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Nation Within Nation
There is a nation within our nation--actually, there are several nations within our nation. These are the many Native American reservations. Recently I visited one of these, the Navajo Nation. The Navajo are the largest of the Native American tribes, with well over 200,000 members. The reservation takes in part of three states: New Mexico, Utah, and Arizona. It encompasses over 24,000 square miles--roughly the size of West Virginia. Within the borders of the Navajo Nation, lies the Hopi Reservation. Both tribes are open to having visitors.
The landscape is open, rugged, arid, and austere--sand, wind, and rock. This dry, hard land provides sustenance for these spiritually rugged tribes. In this land of mystery, ancient stories swirl--stories of how the Hopi have been atop their three high mesas since 573 AD, stories of how Spider Woman taught the Navajo women to weave. The stories are often tied to physical features of the land, such as Spider Rock. Deep within Canyon de Chelly stands a sandstone spire reaching 800' from the valley floor--the home of Spider Woman according to the legends. Hearing brief mention of Spider Woman, I began to ask questions.
"Boy, she represents the extremes. She can be really good or really bad. She gave us the ability to create with our hands. She requires a lot of respect in talking about her. We can only speak of them [Spider Woman and other of the Navajo "Holy People"] in winter when they are asleep. We cannot speak of her now," Navajo Will Tsosie responded, a bit of concern registering on his face. That was the end of that conversation. The legends are passed down in the winter, "after the thunder sleeps," as part of the ongoing oral history of the Navajo People. I was there in spring.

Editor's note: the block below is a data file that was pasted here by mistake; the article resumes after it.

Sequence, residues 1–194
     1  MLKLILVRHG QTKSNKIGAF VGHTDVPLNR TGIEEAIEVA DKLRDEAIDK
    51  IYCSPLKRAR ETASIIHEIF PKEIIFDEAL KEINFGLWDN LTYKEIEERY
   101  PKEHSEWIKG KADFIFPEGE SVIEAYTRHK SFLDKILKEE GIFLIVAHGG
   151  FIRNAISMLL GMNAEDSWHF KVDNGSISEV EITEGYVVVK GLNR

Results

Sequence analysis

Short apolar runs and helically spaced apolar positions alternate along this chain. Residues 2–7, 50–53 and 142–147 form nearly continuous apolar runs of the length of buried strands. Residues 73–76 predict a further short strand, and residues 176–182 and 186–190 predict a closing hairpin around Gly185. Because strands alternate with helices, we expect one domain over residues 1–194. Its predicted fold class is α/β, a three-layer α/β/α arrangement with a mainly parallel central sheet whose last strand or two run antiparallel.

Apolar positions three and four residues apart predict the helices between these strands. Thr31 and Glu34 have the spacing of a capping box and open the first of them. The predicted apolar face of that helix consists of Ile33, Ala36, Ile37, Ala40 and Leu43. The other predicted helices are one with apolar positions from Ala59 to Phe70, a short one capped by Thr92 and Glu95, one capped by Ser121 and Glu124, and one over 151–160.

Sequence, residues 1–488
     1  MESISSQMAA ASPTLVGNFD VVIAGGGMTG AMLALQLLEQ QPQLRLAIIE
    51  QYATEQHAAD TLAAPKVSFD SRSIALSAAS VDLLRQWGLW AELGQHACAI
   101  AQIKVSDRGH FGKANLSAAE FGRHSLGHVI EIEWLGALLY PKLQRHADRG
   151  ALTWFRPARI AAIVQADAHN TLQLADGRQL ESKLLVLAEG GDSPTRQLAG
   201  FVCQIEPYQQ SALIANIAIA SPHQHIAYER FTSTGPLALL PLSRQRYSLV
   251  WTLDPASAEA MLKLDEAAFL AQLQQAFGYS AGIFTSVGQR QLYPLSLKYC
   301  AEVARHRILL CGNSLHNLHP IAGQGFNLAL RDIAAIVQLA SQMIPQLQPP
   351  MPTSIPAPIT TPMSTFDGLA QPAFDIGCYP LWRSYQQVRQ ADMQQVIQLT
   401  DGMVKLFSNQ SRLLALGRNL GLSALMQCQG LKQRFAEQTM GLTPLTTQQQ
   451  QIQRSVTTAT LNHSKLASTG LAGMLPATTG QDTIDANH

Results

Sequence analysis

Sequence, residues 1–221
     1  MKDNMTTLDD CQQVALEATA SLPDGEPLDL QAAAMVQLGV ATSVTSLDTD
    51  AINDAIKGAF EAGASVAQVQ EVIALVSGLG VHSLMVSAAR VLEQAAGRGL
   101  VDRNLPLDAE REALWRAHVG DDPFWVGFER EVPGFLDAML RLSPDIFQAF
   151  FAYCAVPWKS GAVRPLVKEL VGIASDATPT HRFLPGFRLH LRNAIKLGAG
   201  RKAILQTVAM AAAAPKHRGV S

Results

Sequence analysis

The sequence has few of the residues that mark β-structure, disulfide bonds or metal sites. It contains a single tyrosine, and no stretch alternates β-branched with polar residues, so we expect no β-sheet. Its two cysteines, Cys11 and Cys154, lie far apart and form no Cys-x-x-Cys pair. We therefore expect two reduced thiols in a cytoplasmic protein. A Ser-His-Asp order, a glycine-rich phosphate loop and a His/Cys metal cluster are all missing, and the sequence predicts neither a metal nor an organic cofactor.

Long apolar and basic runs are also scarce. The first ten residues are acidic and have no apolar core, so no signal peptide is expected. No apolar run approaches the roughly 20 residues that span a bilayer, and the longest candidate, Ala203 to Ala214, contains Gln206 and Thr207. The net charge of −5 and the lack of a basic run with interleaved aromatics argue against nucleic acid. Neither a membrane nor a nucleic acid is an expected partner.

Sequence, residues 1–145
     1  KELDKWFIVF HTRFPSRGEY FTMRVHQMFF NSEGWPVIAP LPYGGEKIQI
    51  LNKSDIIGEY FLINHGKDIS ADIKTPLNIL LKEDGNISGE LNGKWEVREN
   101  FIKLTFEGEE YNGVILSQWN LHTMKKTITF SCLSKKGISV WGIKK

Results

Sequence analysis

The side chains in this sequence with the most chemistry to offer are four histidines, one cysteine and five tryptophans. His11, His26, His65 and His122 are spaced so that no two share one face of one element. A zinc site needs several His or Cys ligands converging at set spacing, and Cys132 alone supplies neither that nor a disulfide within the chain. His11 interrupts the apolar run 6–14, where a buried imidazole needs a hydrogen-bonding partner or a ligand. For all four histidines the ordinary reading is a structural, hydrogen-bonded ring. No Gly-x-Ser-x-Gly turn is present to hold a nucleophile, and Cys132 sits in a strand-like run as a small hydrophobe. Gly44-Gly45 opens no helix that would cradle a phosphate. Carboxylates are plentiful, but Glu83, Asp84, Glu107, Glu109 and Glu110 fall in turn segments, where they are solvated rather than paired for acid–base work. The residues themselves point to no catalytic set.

The first thing that strikes many visitors is the obvious material poverty of the native people. Greater numbers of Native Americans live at or below the poverty level than any other race or ethnic group. Poverty to the Navajo, however, is not a lack of material possessions, but to be without family, or to not be part of a group. Belonging (to family and Clans) is wealth to the Navajo.
The once semi-nomadic Navajo also go back a few centuries with the area--arriving between 900-1500 AD, depending upon which source one checks. They swept in from the northern regions that today are part of Canada. Here they adapted by adopting the agricultural way of life of neighboring Pueblo tribes. Later, they adapted again, taking up the shepherding of livestock obtained from the Spanish. Silversmithing is a skill adopted after the Long Walk of 1864, when the Navajo were captured by Kit Carson's soldiers and forced to walk 400 miles to Fort Sumner, New Mexico.
Canyon de Chelly National Monument is a 26 mile-long canyon covering 83,340 acres. The depth of the canyon varies from 30' at its mouth to 1,000' of sheer stone walls shooting straight up only a few miles away. There is a scenic road following the canyon rim that offers excellent views of the area. The Navajo first entered the canyon around 1700 AD, but there is much evidence of earlier occupation by the Anasazi--"the ancient alien ones." The best way to see the canyon is by horseback--riding deep into the canyon depths. Entering the canyon without a permit and the accompaniment of either a park ranger or authorized Navajo guide is prohibited. Native guide Justin Tso offers year-round guided horseback trips ranging from two hours to several days. There are about 50 Navajo families that live within the canyon tending their flocks and working the dry ground.
Hubbell's Trading Post is the place to purchase Navajo rugs and Hopi Kachina dolls. The trading post dates its history from 1871. When the Navajo Reservation was enlarged in 1880, the trading post was within the new territory. Hubbell petitioned Congress for an exception, based upon his prior claim as a settler. Many Navajos still buy from the trading post, that is today a National Historic Site operated by the National Park Service.
The Hopi Reservation takes in the three high mesas where their 12 autonomous villages are located, along with some surrounding land. The mesas are referred to as First, Second, and Third Mesa. There are only about 10,000 of the Hopi left. A private people, and due to past exploitation, they do not allow photography, sketching, or recording while on their land. In order to enter a Hopi village, one must be accompanied by a Hopi guide.